where n is the number of cards turned to reach the second ace.

But n is the position of the second ace in the sequence.

(note this sum is to 52 I may have used 50 earlier if I did it was a hang over
from the non-replacement case I will correct it when I finish this).

RonL
• Dec 7th 2006, 12:20 PM
Ruichan
Quote:

Originally Posted by CaptainBlack
There are two aces in the claculation one at position k the second at position n (the others we don't care about as if they occur will be later in the sequence). Each of these aces gives a 4/52, just as the non-aces give
facors of 48/52.

RonL

Oh ok, i understand now. Initially I was thinking that I could apply just one time 4/52 since I do not know where the ace will turn up, so it doesn't matter at position k or at position n since it will be one calculation of 4/52(48/52)^n-2.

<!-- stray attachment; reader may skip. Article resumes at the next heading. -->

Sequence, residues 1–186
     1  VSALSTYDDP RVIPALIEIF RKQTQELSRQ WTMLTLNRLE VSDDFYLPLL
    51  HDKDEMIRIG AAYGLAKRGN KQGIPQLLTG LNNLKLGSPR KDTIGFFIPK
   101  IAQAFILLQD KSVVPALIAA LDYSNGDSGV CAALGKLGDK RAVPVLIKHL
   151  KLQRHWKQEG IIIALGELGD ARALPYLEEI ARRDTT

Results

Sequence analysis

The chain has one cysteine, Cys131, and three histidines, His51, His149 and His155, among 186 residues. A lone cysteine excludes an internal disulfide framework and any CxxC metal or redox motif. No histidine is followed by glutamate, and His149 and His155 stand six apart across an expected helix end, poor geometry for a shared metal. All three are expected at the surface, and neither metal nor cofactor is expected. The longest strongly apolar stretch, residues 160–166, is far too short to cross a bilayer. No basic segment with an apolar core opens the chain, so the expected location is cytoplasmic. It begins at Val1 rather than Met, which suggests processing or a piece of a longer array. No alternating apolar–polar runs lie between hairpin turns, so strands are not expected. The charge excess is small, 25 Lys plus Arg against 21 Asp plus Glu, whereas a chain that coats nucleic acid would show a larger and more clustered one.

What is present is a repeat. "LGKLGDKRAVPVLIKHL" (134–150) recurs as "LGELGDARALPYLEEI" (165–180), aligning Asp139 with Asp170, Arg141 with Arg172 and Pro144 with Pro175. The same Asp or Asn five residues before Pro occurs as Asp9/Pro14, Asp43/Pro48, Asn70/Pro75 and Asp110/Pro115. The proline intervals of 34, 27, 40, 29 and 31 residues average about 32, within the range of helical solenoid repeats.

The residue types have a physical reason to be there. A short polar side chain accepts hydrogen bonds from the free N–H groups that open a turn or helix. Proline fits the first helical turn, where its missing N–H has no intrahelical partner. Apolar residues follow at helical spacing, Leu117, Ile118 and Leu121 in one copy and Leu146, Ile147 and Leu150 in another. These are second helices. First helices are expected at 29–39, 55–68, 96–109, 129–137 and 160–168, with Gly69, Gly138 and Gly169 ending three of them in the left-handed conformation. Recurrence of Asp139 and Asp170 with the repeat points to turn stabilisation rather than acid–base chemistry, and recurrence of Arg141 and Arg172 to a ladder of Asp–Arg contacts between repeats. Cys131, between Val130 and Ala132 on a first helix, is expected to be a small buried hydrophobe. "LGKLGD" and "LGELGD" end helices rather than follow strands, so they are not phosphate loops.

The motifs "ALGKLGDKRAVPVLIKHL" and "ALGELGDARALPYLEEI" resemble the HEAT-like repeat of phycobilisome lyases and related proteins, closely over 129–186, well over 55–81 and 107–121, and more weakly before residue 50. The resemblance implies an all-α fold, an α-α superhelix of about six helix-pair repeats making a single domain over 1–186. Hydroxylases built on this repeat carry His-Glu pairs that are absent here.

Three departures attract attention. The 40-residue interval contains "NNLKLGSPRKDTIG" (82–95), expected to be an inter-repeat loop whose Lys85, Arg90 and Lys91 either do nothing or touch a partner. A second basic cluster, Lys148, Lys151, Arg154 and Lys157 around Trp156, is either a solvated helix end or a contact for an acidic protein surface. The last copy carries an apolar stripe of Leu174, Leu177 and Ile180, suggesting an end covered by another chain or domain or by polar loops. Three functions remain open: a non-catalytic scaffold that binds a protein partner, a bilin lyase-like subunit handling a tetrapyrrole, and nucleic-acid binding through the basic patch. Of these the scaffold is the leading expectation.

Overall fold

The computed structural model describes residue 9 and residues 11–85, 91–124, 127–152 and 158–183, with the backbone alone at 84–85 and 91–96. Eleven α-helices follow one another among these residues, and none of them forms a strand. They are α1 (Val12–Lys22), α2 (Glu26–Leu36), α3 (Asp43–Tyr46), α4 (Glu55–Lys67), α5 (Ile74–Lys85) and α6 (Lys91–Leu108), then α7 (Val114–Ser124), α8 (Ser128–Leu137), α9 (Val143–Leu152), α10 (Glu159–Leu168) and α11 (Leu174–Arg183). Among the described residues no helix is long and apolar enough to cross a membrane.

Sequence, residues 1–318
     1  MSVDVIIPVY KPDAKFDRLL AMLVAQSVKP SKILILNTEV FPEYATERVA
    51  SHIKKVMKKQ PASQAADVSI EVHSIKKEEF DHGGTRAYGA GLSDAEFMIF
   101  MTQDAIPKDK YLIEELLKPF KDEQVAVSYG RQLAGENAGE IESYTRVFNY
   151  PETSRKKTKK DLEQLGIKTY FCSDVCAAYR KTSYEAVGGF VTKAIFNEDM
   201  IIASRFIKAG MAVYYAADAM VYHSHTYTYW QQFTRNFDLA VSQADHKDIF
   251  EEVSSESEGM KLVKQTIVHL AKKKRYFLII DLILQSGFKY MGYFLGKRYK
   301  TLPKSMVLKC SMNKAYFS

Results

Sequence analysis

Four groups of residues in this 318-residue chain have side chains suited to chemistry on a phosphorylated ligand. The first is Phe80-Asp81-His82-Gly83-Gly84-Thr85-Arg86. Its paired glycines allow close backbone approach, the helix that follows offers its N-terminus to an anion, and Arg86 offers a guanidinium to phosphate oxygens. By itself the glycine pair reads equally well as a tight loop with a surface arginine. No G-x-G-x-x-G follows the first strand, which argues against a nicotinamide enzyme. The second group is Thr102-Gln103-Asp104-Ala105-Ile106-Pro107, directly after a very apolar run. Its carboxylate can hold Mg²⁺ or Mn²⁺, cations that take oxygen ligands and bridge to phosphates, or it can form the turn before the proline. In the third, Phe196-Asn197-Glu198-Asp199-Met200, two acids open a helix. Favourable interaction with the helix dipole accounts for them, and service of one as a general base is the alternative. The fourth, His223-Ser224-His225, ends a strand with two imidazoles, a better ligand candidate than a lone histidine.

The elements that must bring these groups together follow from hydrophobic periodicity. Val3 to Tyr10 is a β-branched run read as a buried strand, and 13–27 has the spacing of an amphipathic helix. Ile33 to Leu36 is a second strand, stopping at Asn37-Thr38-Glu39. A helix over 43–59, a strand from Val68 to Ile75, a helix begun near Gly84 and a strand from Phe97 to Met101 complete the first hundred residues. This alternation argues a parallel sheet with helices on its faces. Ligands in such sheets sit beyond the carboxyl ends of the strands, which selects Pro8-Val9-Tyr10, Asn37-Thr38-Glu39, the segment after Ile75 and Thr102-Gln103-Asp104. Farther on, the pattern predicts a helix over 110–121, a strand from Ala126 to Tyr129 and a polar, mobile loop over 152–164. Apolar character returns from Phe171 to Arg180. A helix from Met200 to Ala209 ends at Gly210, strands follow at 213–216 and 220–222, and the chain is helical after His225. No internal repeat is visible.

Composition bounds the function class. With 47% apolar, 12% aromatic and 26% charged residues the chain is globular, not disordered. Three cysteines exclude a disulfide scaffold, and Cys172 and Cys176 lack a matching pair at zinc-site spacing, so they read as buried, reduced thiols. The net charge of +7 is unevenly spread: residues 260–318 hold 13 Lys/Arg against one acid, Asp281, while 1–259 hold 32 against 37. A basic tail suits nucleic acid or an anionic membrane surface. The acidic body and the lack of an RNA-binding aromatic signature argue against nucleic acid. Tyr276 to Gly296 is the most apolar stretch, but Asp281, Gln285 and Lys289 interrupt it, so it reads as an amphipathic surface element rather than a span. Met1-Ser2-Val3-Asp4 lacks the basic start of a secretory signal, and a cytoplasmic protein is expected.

Thank you very much.
• Dec 7th 2006, 05:44 PM
Ruichan
5. Cards from an ordinary deck are turned face up one at a time with replacement. Compute the expected number of cards that need to be turned face up in order to obtain 2 aces.

Captain Black, my prof did on the whiteboard the solution but he didn't explain. I'm wondering if you could help me with it.

Solution:
Let X1 denote the number of nonace card before the first ace. X2 denote the number of nonace cards before the first 2 aces.

P{X1=i, X2=j} = P{X1=j, X2=i}
===> X1 and X2 have the same distribution

E[X1] = 48/5

E(2 + X1 + X2) = 106/5.

How did he get the values for E[X1] and E[2+X1+X2]?
He just wrote down the solution to this question then erased it away to do another question as we were short on time.